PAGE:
Top 5 African American Keynote Speakers to Book for Your 2017 MLK or Black History Month Event

Posted by Alexis Washington

January and February may be months away, but now is the time to start booking the speakers you want for your 2017 MLK or Black History month event.

To help narrow down some options, we provided a historical time line of stories from five African American keynote speakers who would be a great choice:



“We need to get away from this mentality of scarcity, and embrace abundance.”

1850sChris Rabb 

In the 1850s, a slave known as “Jack Rabb” started his own butcher business, Rabb’s Meat Market. His store became so successful he later purchased his own freedom! Jack Rabb’s entrepreneurial spirit lives on in his descendant — Chris Rabb, who is a national thought leader on social entrepreneurship, and the Democratic nominee for state representative in northwest Philadelphia. He’s also an author of the book Invisible Capital: How Unseen Forces Shape Entrepreneurial Opportunity, which addresses modern US business, structural inequality, and community wealth-building. Chris Rabb represents today’s quintessential business man who continues to add to his list of achievements.



“I think that we’re all born with gifts.”

1970sGrandmaster Flash

He is one of hip-hop’s greatest DJ pioneers. Even from a young age, Joseph Saddler was always interested in music, and when he began DJing he became known as Grandmaster “Flash,” for his quick hands at the turntable. Historically, Grandmaster Flash was the first DJ to physically put his hands on the vinyl and manipulate its sound, now known as the Quick Mix Theory. His group, Grandmaster Flash and the Furious Five, were also the first hip-hop group to be inducted into the Rock n’ Roll Hall of Fame. Through his innovation and creativity, Grandmaster helped expand the horizons of hip-hop.



“If you improve 1% a day, then in 100 days, guess what? You’re 100% better.”

1997Coach Ken Carter

Moving forward to the late 90s, Ken Carter became coach of the Richmond High School basketball team. Already a successful businessman, he was the perfect person to help the team that was failing in athletics and academics. After two years, there was a huge turn around in the basketball team, but some players still had poor grades. With another obstacle at hand, Coach Ken Carter chose to lock his undefeated basketball team out of the gym until they improved their academics. Initially Coach Carter was criticized for this controversial move, but he wanted to emphasize that an education is just as important as talent. His unique story inspired the movie Coach Carter, and he’s gone on to conquer other business ventures.



Acknowledge the obstacles, don’t give them power.”

2001 – Vernice “FlyGirl” Armour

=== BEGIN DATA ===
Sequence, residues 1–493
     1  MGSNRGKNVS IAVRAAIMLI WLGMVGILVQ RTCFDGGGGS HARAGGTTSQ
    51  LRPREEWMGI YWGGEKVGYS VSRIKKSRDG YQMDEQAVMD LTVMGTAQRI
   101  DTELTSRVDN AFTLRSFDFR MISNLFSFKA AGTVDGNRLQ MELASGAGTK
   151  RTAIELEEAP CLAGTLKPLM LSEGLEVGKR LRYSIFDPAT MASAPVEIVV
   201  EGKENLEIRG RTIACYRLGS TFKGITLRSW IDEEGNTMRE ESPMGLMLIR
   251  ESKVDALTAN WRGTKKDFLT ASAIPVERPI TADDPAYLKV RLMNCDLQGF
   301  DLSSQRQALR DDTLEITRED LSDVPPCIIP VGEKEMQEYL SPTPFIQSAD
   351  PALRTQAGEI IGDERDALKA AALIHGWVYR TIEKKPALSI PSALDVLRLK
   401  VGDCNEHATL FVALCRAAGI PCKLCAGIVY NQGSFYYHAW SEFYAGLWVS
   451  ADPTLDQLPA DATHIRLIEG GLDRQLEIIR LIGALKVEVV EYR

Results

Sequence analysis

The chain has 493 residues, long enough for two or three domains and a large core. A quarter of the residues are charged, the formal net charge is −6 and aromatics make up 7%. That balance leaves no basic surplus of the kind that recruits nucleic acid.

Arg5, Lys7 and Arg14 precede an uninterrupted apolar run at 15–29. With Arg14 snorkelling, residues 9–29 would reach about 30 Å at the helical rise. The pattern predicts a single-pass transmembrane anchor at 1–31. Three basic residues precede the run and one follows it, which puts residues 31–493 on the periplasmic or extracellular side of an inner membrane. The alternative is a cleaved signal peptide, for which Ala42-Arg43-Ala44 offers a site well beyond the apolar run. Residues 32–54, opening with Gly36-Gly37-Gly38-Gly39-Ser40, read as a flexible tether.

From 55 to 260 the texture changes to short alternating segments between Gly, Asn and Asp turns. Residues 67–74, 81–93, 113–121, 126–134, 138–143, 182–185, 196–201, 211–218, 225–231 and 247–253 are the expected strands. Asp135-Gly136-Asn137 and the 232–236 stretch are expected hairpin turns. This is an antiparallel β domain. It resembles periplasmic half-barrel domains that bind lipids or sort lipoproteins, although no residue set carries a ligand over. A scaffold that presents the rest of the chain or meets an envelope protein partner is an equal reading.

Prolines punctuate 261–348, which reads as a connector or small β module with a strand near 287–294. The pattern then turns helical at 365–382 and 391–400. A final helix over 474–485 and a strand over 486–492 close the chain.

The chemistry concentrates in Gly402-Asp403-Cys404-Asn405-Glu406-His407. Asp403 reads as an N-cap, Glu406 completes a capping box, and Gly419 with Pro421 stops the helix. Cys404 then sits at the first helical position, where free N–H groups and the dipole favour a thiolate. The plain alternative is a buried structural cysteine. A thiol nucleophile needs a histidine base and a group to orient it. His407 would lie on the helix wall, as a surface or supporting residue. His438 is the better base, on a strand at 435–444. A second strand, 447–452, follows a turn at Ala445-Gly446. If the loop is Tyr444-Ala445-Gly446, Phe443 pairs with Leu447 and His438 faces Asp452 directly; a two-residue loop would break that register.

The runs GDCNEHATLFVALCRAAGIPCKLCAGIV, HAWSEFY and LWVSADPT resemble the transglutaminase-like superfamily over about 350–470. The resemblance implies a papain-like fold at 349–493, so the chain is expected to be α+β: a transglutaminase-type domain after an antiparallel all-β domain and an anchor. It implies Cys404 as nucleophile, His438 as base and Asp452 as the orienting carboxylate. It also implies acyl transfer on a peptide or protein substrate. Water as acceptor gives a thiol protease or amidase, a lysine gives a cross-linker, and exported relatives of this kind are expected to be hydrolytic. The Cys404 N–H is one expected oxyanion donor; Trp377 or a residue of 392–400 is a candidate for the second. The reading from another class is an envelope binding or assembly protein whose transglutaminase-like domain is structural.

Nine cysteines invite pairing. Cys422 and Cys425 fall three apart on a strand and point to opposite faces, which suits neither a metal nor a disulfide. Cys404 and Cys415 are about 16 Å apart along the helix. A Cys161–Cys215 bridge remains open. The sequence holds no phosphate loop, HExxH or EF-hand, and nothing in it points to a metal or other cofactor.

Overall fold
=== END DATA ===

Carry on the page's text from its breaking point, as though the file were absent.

From a young age, Vernice Armour knew that she wanted to be a police officer, which she did. But soon after, she set her sights on becoming a pilot. Through the ROTC program at her college and the Marine Corps, her dream became a reality. In 2001, she earned her wings, ranking No. 1 in her class, and made history as the Marine Corps’ first African-American female pilot. The history making didn’t stop there, after serving two tours during Operation Iraqi Freedom, she also became America’s first African-American female combat pilot. Today, FlyGirl shares the leadership skills she acquired from her knowledge and experience around the world through her Zero to Breakthrough program.



“I think that life… is really about different perspectives.”

Present – Dr. Rachael Ross

Dr. Rachael Ross is a true testament to the American Dream. She is a practicing board-certified family medicine physician and sexologist, and is with her family’s health office. Dr. Rachael is known for being outspoken in her groundbreaking discussions about relationships, sex, health, abstinence, HIV/AIDS prevention and comprehensive sex education for teenagers. Recently, she was a co-host on television show The Doctors, which allowed her to share her message with millions of viewers. In addition to this, she received Northwest Indiana’s prestigious Athena International Service Award for her and her late sister’s work in mentoring girls. This philanthropy earned them recognition from the National Council of Negro Women. Dr. Rachael Ross continues to bring awareness of health and wellness by offering her “Prescriptions for life.”


For more information about how African-American keynote speakers like these can impact your event, contact Eagles Talent Speakers Bureau at 1.800.345.5607.

Posted by Alexis Washington
Alexis Washington writes about expert keynote speakers and Motivational Speakers, as well as tips and tricks for corporate meeting planners. If you need a guest professional speaker or corporate entertainer for your next convention or conference, you can visit

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